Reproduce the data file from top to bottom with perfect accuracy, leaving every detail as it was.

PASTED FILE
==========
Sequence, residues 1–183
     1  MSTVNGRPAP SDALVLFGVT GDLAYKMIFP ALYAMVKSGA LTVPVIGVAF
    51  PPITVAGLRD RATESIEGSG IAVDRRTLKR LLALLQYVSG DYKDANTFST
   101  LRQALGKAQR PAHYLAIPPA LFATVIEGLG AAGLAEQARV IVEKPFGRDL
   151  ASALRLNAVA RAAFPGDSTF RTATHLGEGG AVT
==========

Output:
Sequence, residues 1–183
     1  MSTVNGRPAP SDALVLFGVT GDLAYKMIFP ALYAMVKSGA LTVPVIGVAF
    51  PPITVAGLRD RATESIEGSG IAVDRRTLKR LLALLQYVSG DYKDANTFST
   101  LRQALGKAQR PAHYLAIPPA LFATVIEGLG AAGLAEQARV IVEKPFGRDL
   151  ASALRLNAVA RAAFPGDSTF RTATHLGEGG AVT